On law.com, Professor Dale Oesterle says that proposed legislation that would give Congress more say over foreign acquisitions of "critical infrastructure industries" has its own dangers. (subscription required)
In his regular column in the Daily Camera, Professor Dale Oesterle writes about the scheduled acquisition of Peninsular & Oriental Steam Navigation Co. of London by Dubai Ports World.
In his regular column in the Boulder (Colo.) Daily Camera, Professor Dale Oesterle says that the number of colossal parachute payments to chief executives of acquired companies is a reminder that corporate governance in the U.S. has serious problems.
Hedge funds are growing like never before. Despite estimates that place the industry's total value above a trillion dollars, funds remain virtually free from the oversight of the Securities Exchange Commission. Moritz Professor Dale Oesterle debates the issue with David Skeel, the S. Samuel Arsht Professor of Corporate Law at the University of Pennsylvania Law School.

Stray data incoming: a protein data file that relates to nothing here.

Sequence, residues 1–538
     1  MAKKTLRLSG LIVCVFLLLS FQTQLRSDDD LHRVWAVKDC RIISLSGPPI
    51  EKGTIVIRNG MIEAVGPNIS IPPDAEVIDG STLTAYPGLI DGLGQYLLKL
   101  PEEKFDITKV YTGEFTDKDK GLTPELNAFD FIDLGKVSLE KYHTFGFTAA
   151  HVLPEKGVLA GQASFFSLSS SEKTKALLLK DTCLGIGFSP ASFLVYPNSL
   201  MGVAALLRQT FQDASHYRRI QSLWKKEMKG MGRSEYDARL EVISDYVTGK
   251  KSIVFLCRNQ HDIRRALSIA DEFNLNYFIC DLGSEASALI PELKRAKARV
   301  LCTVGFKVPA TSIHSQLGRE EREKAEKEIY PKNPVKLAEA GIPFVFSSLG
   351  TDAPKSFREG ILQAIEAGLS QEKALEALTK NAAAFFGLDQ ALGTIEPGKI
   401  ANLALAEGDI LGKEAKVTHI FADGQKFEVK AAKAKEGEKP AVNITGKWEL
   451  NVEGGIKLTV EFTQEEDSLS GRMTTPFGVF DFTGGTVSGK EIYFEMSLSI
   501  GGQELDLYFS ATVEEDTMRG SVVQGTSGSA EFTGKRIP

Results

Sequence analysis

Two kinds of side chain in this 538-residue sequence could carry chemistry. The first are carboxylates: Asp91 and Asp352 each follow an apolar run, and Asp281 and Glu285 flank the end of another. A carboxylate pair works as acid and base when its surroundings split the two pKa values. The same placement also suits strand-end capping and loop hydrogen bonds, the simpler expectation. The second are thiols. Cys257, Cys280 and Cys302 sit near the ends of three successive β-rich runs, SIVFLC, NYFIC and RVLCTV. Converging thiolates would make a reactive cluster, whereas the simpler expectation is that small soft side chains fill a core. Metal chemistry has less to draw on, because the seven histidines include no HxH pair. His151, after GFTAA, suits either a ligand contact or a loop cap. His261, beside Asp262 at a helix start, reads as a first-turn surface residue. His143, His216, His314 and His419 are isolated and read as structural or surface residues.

In a Cleveland Plain Dealer story about how the Ohio Bureau of Workers' Compensation could have prevented the loss of more than $50 million in potential profit, Professor Dale Oesterle said "it looks like a lot of people were asleep at the switch here."
In a Columbus Dispatch story about the insider trading conviction of former Ohio State University marketing professor Roger D. Blackwell and a pending civil case against Blackwell, Professor Dale Oesterle said the civil trial might resume before the sentencing, which is expected in two to three months.
In his regular column in the Boulder Daily Camera, Professor Dale Oesterle says that Section 404 of the Sarbanes-Oxley Act looks good from 30 feet away, but up close it has some unappealing dents and chips.